The artiste as a changemaker

For connoisseurs of Carnatic music, its complexities are as much a challenge as they are a pleasure. Just walk into a concert and watch the pride on the face of someone who has identified the raga a song is set in. For an outsider, these complexities may seem intimidating at best and alienating at worst. However, it appears that quietly, albeit very seriously, some leading artistes of this generation are working on opening up the floor for a democratic debate on what works and what doesn’t in this classical field. For instance, with his new book ( A Southern Music: The Karnatik Story) T.M. Krishna throws the doors open for a conversation on aspects such as aesthetics, pianist Anil Srinivasan is taking music to Corporation as well as private schools with Rhapsody, in a bid to create an inclusive future. Musician Ramesh Vinayakam has worked on notating gamakas (ornamental notes) in Carnatic music while Chitravina N. Ravikiran has done intense research on Oottukkadu Venkata Kavi.

What drives them?

The effort that goes into such pursuits is often unnoticed. They are not undertaken with applause in mind either. So what drives them? Chitravina N. Ravikiran has an interesting answer. “An inner passion for beauty, greatness and the intense enrichment I get in the process,” he says. “For instance, while a PhD scholar may need to spend only a few years on a given thesis, I have spent more than 25 years researching on Oottukkadu Venkata Kavi, driven only by his genius and stunningly inspiring all-round quality. Right from the earliest stages of my learning, my father and guru Chitravina Narasimhan used to balance instinct and intellect in his teaching. I have often mentioned that a good performing professional should focus on 85 to 90 per cent of practical music but still be aware of the 15 to 10 per cent of theory. This means a proportional investment of time, energy and emotion!”

“Any person who seriously pursues something with intensity and integrity is a scholar — be it a farmer or carpenter,” says T.M. Krishna. “And artistes who are serious singers, and not necessarily carrying out inquiries — I like this word better than research — are also scholars,” he explains. “For me, the next step to singing is naturally understanding what art is; if what I am doing is art at all; and what other people think of it” he says.

As for his book, Krishna says, “When we say scholarship, or when we discover something through our own experiences, we take possession of those things and don’t want to show them to others. It’s an egoistic way of saying you own it. But what I wanted to do through this book was to put it out there. Now people know what I think and they come to me and say, ‘Hey I read what you had to say and I don’t agree with it at all!’ You can disagree with me. But we now have an exchange of ideas! For me this is a natural process. Maybe I am just a serious person. But the practise of art and these inquiries are all organic and there are no specific reasons for doing them. They just happened!” says Krishna.

Anil Srinivasan has turned down a few performances in the last year so he can have more time to work on building a curriculum for school children and reach music to them. “We need 400 lesson plans in all and these plans had to be re-done in Tamil when we reached Corporation schools. That’s 800 plans,” says Anil. This is a lot of work and time. “And there isn’t immediate recognition and no monetary benefits. This is a social mission and is welfare-driven,” he says. Because it deals with introducing children to music — for many of them, this may be a first experience at understanding music in a classroom — there is a lot of pressure on Anil to get the lesson plans right. Without precedence or reference points, this can be a tough journey. “I work on aspects such as ‘what the teacher has to do exactly in class’, and my market research background has come in handy! School teachers have been a great source of information for this. In the recent past, 70 to 80 per cent of my time has gone into this project.” Besides musician Sudha Raja who works with him on these projects, Anil names singer P. Unnikrishnan among those who have helped him with his work.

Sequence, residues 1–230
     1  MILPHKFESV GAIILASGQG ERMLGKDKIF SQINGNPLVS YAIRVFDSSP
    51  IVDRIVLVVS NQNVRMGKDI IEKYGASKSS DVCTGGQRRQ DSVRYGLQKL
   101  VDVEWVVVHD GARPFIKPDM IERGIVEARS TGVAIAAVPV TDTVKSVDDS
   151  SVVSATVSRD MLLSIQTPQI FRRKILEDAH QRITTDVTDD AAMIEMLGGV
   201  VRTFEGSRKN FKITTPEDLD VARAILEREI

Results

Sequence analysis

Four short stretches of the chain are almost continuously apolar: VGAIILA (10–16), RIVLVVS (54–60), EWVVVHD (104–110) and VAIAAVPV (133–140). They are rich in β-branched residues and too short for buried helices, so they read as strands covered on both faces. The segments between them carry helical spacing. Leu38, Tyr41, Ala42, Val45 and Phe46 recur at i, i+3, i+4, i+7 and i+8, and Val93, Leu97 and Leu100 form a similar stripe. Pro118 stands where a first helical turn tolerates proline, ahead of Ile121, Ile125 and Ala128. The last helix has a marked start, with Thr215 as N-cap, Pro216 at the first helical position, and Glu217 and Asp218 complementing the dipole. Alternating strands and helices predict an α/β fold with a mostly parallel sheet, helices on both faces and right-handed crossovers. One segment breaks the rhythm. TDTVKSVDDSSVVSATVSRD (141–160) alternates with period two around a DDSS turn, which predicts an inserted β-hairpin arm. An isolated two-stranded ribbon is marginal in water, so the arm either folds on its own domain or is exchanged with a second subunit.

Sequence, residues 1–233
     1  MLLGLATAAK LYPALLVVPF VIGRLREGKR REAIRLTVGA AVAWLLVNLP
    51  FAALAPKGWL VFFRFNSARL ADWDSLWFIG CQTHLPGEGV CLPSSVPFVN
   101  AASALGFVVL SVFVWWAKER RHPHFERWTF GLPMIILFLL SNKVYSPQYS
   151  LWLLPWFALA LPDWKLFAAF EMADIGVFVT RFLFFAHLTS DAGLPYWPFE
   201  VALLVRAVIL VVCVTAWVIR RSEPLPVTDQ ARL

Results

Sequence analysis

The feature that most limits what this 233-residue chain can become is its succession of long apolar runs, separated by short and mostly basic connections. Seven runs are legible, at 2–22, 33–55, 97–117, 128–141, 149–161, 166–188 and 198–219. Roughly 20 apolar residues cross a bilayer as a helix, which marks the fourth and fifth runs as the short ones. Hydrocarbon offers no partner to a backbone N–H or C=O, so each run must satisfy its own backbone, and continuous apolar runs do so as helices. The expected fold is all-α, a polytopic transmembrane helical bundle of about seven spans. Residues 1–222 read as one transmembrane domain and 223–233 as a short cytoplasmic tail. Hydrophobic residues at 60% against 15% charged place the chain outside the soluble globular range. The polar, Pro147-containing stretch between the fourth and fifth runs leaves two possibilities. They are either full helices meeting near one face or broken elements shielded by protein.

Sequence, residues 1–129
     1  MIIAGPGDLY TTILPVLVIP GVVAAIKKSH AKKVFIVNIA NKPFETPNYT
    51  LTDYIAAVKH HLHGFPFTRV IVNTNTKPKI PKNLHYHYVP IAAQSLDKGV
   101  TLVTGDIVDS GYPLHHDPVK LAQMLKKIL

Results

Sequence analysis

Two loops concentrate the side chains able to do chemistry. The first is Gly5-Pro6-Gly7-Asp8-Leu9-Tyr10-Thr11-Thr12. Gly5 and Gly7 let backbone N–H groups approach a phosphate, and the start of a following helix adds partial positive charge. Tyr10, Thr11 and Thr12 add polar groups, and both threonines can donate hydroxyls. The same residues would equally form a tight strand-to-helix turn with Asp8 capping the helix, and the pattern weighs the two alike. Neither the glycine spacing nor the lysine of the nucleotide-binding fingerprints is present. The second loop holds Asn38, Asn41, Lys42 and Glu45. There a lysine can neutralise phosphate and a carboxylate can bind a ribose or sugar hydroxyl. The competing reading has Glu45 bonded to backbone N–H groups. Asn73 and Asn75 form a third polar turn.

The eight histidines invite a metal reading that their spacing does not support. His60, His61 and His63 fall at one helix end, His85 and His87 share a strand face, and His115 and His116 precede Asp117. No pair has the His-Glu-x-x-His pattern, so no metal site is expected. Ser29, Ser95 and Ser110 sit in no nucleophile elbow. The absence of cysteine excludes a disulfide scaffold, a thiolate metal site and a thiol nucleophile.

Recording the present

It’s not just the future that artistes are working on. There are also some who are looking at a way to record the present in a precise manner. Carnatic and film musician Ramesh Vinayakam undertook a long process when he decided to work on a way to notate gamakas. “Western Classical music has a very exact notation system. And in that sense, I find a lacuna in our music. For instance, they can have a concert just on Baroque music (composed from 1600 to 1750). Which is why I strongly believe that written information is important,” he says. For Ramesh, this project began 25 years ago. “I gave it up many times in between, but I went back to it. I figured if we can go to Mars, we should be able to do this as well!” While he understands that music will change and evolve, he also firmly believes in preserving its present structure in written format so that we can understand it better. “I am happy to have done it. And I know that it will take time for people to grasp the importance of notating gamakas!”

Surely, change is a continuous and organic process. It may take time. But these catalysts have initiated something new. It will be interesting to watch where they are headed.

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Printable version | Mar 7, 2021 11:50:56 PM |

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